Lovelace, the disappointingly thin Linda Lovelace biopic from usually reliable directors Rob Epstein and Jeffrey Friedman, is out on DVD and Blu-ray this week, where it will presumably find its intended audience: people who want to see Amanda Seyfried naked. But that’s about all that’s memorable in the limp picture, yet another case of a movie ostensibly about sex that turns out to be anything but sexy. No, seriously, it’s an epidemic. Here’s a few examples:
Deep Throat made porn chic and Linda Lovelace a household name back in 1972; years later, she wrote a book called Ordeal about the experience, claiming her husband/manager forced her into porn and prostitution, and noting, “everyone that watches Deep Throat is watching me being raped.” Lovelace tries to have it both ways, reducing her story to a kind of Rashomon lite, first telling the tale as a go-go ha-ha Boogie Nights rip-off, then retelling it as a dark story of victimization. Trouble is, neither version is all that compelling, and the shoddy execution is nearly as sad as the story itself.
David Cronenberg is the master of icky, uncomfortable horror — which maybe isn’t a quality you’d want in the story of an underground sexual subculture. But the filmmaker presumably wasn’t interested in a skin flick when he signed on to adapt J.G. Ballard’s novel; he seized on the mechanical-fetish elements of the story to create a film that is riveting and unnerving, yet certainly (what with all the crashing cars and wound penetration and so on) not erotic.
Eyes Wide Shut
As with Crash, an argument could be made that Stanley Kubrick wasn’t trying to make a sexy movie at all — that his film was about sexual frustration, about Tom Cruise’s foiled attempts to get laid (and thus about male impotence in the broader context, or whatever close reading you’d care to apply). And, again, the result is a fascinating and strange picture. But on the base level we’re discussing here, it’s a remarkably lustless flick, and it’s hard to comprehend a scene with as many naked people as EWS’s orgy sequence that somehow doesn’t get your pulse pounding.
If Crash and EWS’s lack of sexiness was purposeful, director Paul Verhoeven and writer Joe Eszterhas could make no such claim about their 1995 cause célèbre. Intended to be the big-budget studio picture that finally made the NC-17 rating reputable, it was instead a goofy exploitation movie that seemed to exist solely as a showcase for the toned body and limited acting ability of former Saved by the Bell star Elizabeth Berkley. But as fetching as The Artist Formerly Known as Jessie is, the film’s eroticism is crass, slick, shiny, and mostly off-putting, its laughably overwrought pool sex scene between Berkley and Kyle MacLachlan (which Pajiba accurately describes as “a reenactment of two blind, cracked-out dolphins having sex”) the film’s undisputed lowlight.
Body of Evidence
Verhoeven and Eszterhas’ previous hit, Basic Instinct, prompted a flurry of “erotic thriller” imitators in the early 1990s, none worse than Uli Edel’s 1993 bomb. Based on the preposterous notion of a woman on trial for killing her husband with her lethal sex (hers is the titular “body,” get it?!?), Evidence matches up Willem Dafoe at his skeeziest and Madonna at her most plasticky to give us a series of increasingly uncomfortable sex scenes, dutifully trotting out S&M tropes like bondage and hot candle wax as props. In watching the ill-paired duo go through the motions of taboo sex, one can’t help but think of the old saw: They know the words, but not the music.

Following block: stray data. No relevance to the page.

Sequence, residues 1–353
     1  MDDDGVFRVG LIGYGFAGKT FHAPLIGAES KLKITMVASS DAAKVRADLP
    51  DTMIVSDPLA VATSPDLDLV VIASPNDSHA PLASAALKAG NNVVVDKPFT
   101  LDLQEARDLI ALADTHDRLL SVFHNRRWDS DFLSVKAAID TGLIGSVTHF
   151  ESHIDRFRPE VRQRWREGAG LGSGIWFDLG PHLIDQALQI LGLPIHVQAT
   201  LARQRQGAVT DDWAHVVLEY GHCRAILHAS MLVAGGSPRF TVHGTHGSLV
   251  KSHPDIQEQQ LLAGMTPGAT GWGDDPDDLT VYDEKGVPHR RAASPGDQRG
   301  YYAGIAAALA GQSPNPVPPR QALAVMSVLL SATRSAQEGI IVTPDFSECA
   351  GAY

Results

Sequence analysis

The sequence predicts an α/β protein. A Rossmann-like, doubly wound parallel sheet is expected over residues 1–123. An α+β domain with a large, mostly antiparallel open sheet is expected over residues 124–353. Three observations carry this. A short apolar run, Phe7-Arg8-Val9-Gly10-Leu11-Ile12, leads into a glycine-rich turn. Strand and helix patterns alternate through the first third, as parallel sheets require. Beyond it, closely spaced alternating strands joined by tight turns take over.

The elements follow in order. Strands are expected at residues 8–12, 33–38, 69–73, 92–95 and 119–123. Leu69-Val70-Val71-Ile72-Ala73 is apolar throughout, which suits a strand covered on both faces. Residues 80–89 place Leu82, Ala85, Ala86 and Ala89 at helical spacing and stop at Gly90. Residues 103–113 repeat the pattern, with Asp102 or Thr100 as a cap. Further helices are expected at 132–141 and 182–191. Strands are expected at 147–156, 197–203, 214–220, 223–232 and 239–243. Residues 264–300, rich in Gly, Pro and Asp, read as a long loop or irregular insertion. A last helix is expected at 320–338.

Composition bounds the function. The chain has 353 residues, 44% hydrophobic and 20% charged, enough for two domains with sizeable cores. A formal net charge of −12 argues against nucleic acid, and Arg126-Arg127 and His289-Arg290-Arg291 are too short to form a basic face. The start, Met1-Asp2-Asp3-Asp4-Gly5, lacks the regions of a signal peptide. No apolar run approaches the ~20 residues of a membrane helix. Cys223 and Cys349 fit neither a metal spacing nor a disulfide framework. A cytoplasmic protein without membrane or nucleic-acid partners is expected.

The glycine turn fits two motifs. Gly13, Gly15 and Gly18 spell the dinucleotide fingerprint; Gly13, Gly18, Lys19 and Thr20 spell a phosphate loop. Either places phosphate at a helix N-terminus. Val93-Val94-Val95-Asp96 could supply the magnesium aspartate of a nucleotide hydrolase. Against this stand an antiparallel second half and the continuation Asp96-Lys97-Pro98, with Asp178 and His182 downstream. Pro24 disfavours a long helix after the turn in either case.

Considering that the most of the buzz surrounding Steve McQueen’s 2011 film centered on handsome star Michael Fassbender and its prominent display of his manparts, some of its audience may have been surprised to discover a (masterfully crafted!) thoroughly depressing and all but hopeless story of crippling sexual addiction.
Last Tango in Paris
To be clear: Last Tango is brilliant, a no-holds-barred examination of midlife crisis and sexual obsession. And there’s no question that Maria Schneider is ooh la la — as was Marlon Brando (in his day, at the very least). But Mr. Brando’s distinctive and inimitable brand of dirty talk, with its butter and fingernails and pig vomit and bestiality, is a major-league buzzkill.
There’s nothing more boring than someone else’s fetish, and this 1996 documentary from director Nick Broomfield (Kurt and Courtney, Biggie and Tupac) generates interest not by lingering on the details of the sessions at New York City fetish parlor Pandora’s Box, but by focusing on the logistics of such a business’ day-to-day operations.
Porn Star: The Legend of Ron Jeremy
Mr. Jeremy may be blessed with the ideal equipment for a porn star, but holy cow do you have to get past the rest of the package. Scott J. Gill’s 2001 documentary features plenty of clips and details from his, erm, oeuvre, but if a bit of demystification is par for the course with behind-the-scenes porno films, any residual eroticism is thoroughly drained by two hours of watching Jeremy schlep his trash bags (he doesn’t wanna spring for luggage) through airports and do bad stand-up comedy at strip clubs.
Sex: The Annabel Chong Story
Shame and Lovelace are like mirthful, American Pie-style sex romps compared to Gough Lewis’ 1999 documentary profile of Annabel Chong, star of the 1995 porn film The World’s Biggest Gang Bang, in which she had sex with 69 men in ten hours. If that sounds less like eroticism than endurance, gold star; the portrait of its subject is no less sunny, depicting a fiercely intelligent college student who bends herself into intellectual pretzels to justify her work, only to reveal depression, substance abuse, and troubled sexual history. Few films have made the business of sex seem as unseemly and exploitative.